Producing secure programs requires secure designs. However, even the best designs can lead to insecure programs if developers are unaware of the many security pitfalls inherent in C and C++ programming. This four-day course provides a detailed explanation of common programming errors in C and C++ and describes how these errors can lead to code that is vulnerable to exploitation. The course concentrates on security issues intrinsic to the C and C++ programming languages and associated libraries. The intent is for this course to be useful to anyone involved in developing secure C and C++ programs regardless of the specific application.
Please note: you must bring a laptop computer equipped with the latest version of Adobe Reader and VMware Player. See the Prerequisites section for download information.
The course assumes basic C and C++ programming skills but does not assume an in-depth knowledge of software security. The ideas presented apply to various development environments, but the examples are specific to Microsoft Visual Studio and Linux/GCC and the 32-bit Intel Architecture (IA-32). Material in this presentation was derived from the SEI CERT C Coding Standard. The latest version (June 2016 Edition) is available as a free download. To learn more about the CERT Secure Coding eLearning and Professional Certificates, please go to: www.cert.org/go/secure-coding
This course is designed for C and C++ developers.
Subjects covered in the first two days are general, but examples are taken from both the Microsoft Visual Studio and GCC compilers on Windows and Linux platforms. Course material on integers uses examples from the IA-32 architecture.
The third and fourth days of the course focus on POSIX platforms. Doug Lea's malloc (dlmalloc) is used to demonstrate exploits in the Linux environment, while the file I/O sections focus on UNIX and the UNIX file system (UFS).
Participants should come away from this course with a working knowledge of common programming errors that lead to software vulnerabilities, how these errors can be exploited, and effective mitigation strategies for preventing the introduction of these errors. In particular, participants will learn how to
Moreover, this course encourages programmers to adopt security best practices and develop a security mindset that can help protect software from tomorrow's attacks, not just today's.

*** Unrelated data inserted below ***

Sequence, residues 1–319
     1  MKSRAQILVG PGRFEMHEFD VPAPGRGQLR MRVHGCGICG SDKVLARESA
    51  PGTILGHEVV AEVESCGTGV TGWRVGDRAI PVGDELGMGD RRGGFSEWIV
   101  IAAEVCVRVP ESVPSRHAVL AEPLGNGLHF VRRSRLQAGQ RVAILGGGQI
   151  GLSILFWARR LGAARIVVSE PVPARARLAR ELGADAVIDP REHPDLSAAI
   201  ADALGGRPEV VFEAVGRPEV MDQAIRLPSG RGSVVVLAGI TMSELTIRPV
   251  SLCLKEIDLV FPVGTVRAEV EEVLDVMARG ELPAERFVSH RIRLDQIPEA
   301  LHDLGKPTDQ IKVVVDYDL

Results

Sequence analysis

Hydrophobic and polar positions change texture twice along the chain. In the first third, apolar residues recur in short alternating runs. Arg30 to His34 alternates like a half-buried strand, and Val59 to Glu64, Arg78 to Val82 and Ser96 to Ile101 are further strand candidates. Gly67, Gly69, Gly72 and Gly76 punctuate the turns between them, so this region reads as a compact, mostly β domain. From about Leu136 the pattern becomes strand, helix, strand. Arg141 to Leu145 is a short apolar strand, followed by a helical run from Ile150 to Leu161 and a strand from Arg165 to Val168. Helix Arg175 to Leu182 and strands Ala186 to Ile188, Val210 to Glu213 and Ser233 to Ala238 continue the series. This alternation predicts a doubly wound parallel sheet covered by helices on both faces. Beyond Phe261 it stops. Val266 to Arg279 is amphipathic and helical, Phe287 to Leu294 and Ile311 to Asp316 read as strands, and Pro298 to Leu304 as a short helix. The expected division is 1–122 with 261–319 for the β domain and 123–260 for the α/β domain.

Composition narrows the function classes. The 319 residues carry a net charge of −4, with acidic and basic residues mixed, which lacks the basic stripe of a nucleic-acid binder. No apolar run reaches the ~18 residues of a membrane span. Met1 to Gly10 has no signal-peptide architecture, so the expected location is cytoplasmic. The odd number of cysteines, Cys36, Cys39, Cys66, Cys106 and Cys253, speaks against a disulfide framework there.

It is recommended that participants have a basic to intermediate understanding of the C and C++ programming languages. Software security knowledge or experience is not required.
Students must bring a personal computer equipped with
The following items are optional. We provide them, but the student is free to substitute their own if they wish:
On the first day of the course, the instructor will provide the attendees with a DVD with the software and course exercises to download on their computers. The instructor will also provide instructions on using the Rosebud Virtual Machine (VM) from the DVDs. The DVD also contains Microsoft Visual Studio Express 2010, and students may use it to do the exercises if they wish (it is not required). Microsoft provides the download free at: http://www.microsoft.com/express/Downloads/.
The CERT C Coding Standard, Second Edition: 98 Rules for Developing Safe, Reliable, and Secure Systems (2nd Edition) book will be provided in class. Participants will also receive a CD containing course and reference materials, including the SEI CERT C Coding Standard, Rules for Developing Safe, Reliable, and Secure Systems (June 2016 Edition), which is also available as a free download.
This four-day class meets at the following times:
Days 1-4, 9:00 a.m. - 5:00 p.m. (U.S. Locations)
Days 1-4, 9:30 a.m. - 5:30 p.m. (non-U.S. Locations)
Training courses provided by the SEI are not academic courses for academic credit toward a degree. Any certificates provided are evidence of the completion of the courses and are not official academic credentials.